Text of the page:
Back to the Beginning
Exploring the Origins of Photovoice
Imagine you’re an academic in South America, around the 1950’s or 60’s. It’s a pretty exciting time to be an academic. With the Cold War in full swing the world has become a battleground of ideas, and you are on the front lines.
You’ve just come out of university in the capital, but now eagerly leave the city and head out into the rural villages. You’re excited to spread these new ideas- workers rights, community organizing, the history of colonialism, the latest economic practices, new agricultural techniques- but when you finally reach the village, you realize that these farmers and villagers aren’t quite what you expected. Sure, they find your ideas interesting- but they have their own knowledge. They have experiences, they have wisdom, and they have an intimate understanding of their society that you totally lack. As an academic, you immediately decide that this type of knowledge needs a name, so you call it vivencia.
You realize that what’s needed here is not a lecture, it’s a conversation. Both you and these farmers can teach each other, and benefit from mutual knowledge generation. Their vivencia gives you a deeper understanding of this local situation, while your studies provide context and tools for the community. The villagers aren’t the object anymore, they are part of a joint subject, joining you as participants. To put it another way, you aren’t studying them, you are both studying the situation.
You came to these villages expecting to instruct and educate, but instead you found so much more. You thought you had it all figured out, but there are more perspectives available, perspectives that offer value and understanding if you only listen. You should probably make this experience the foundation of a new school of academic research. It’s research that’s based in the community, and involves participation by all parties- why not call it Community Based Participatory Research, or CBPR?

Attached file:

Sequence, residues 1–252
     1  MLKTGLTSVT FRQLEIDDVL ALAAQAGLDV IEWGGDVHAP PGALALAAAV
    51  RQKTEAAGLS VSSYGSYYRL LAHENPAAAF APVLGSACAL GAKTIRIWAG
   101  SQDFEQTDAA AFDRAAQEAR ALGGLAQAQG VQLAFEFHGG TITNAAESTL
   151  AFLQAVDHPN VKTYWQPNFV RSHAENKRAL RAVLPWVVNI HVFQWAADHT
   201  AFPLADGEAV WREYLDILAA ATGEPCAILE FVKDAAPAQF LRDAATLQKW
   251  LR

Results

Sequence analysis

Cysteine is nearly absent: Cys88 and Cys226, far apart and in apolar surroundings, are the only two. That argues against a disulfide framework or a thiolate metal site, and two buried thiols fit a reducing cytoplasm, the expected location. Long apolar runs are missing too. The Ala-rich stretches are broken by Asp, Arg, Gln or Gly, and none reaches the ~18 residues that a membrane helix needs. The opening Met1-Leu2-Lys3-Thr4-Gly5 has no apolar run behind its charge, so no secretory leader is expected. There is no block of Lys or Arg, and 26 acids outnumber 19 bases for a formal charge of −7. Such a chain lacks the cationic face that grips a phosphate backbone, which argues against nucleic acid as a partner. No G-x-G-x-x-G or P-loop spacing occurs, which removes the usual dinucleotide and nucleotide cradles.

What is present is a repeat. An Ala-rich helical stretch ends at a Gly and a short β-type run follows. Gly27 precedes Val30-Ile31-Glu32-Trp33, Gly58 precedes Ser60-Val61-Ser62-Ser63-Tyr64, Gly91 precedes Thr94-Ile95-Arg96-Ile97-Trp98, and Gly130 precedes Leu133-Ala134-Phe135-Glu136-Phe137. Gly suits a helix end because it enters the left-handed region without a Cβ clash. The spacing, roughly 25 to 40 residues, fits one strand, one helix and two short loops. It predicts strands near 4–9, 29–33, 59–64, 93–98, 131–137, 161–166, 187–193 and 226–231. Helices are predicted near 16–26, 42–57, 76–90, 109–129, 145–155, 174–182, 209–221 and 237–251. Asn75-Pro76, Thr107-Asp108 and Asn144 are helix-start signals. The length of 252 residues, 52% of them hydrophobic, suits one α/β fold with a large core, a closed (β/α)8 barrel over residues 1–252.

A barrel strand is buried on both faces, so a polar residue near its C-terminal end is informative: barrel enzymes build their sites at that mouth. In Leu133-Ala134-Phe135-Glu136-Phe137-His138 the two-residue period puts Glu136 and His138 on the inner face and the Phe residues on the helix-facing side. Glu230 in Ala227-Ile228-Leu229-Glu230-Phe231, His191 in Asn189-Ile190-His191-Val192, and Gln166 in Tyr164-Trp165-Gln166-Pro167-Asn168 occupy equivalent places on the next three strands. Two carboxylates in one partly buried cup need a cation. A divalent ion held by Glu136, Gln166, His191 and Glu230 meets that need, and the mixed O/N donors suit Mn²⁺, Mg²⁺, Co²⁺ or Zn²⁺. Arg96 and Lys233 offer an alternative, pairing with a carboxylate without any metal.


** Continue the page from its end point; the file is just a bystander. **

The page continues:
EPIC’s new project, PHOTOVOICE IRAQ: Picturing Change, is one of many projects that grew out of this great CBPR idea you had back in the 60’s. It relies on group participation and ownership of the project by all parties. We at EPIC may provide the tools, but it is the youth we are partnering with on the ground in Iraq who provide the expert knowledge, the vivencia. In building our project this way, we hope to foster a relationship of cooperation and equality with the people of Iraq, and study not them, but the changes and conflict in their daily lives.
People, be they academics, South American peasant farmers, or Iraqi youth, are smart. “Self-conscious people,” writes Mohammad Anisur Rahman, “those who are poor and oppressed, will progressively transform their environment by their own praxis.” People are often ready to learn, ready to grow, and ready to change so long as they are full, active participants in that process. It is in this tradition that EPIC seeks to follow, because we feel it offers the best way forward for Iraq, the US, and the larger field of peacebuilding.
Program Design Intern at EPIC. He is a second year masters candidate and the Barzani Graduate Peace Fellow at American University